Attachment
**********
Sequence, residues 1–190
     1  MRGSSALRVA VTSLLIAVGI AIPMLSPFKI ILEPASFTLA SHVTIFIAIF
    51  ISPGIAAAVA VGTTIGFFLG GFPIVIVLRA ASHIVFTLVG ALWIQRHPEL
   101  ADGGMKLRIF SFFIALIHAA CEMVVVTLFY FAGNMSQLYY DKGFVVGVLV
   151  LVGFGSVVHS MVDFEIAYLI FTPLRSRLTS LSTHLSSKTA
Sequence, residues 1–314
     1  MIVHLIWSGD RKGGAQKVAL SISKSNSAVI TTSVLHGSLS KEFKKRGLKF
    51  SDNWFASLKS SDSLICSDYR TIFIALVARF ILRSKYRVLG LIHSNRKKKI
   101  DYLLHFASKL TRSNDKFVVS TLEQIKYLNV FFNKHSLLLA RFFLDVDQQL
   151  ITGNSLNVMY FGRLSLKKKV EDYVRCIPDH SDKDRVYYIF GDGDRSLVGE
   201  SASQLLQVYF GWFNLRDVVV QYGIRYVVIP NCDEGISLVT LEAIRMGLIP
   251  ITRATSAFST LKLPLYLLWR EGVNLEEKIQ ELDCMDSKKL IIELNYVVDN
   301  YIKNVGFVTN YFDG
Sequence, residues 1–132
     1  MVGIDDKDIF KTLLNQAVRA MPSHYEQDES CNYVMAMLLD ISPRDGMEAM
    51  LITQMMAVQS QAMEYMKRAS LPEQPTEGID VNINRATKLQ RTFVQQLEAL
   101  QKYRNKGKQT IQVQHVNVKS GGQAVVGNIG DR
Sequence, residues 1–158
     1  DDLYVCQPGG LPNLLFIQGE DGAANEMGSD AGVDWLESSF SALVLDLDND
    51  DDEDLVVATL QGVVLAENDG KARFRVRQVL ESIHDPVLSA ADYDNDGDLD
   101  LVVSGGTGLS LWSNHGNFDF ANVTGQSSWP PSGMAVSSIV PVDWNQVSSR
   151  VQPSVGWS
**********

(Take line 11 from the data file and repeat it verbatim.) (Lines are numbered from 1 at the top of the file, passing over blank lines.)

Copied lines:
   201  SASQLLQVYF GWFNLRDVVV QYGIRYVVIP NCDEGISLVT LEAIRMGLIP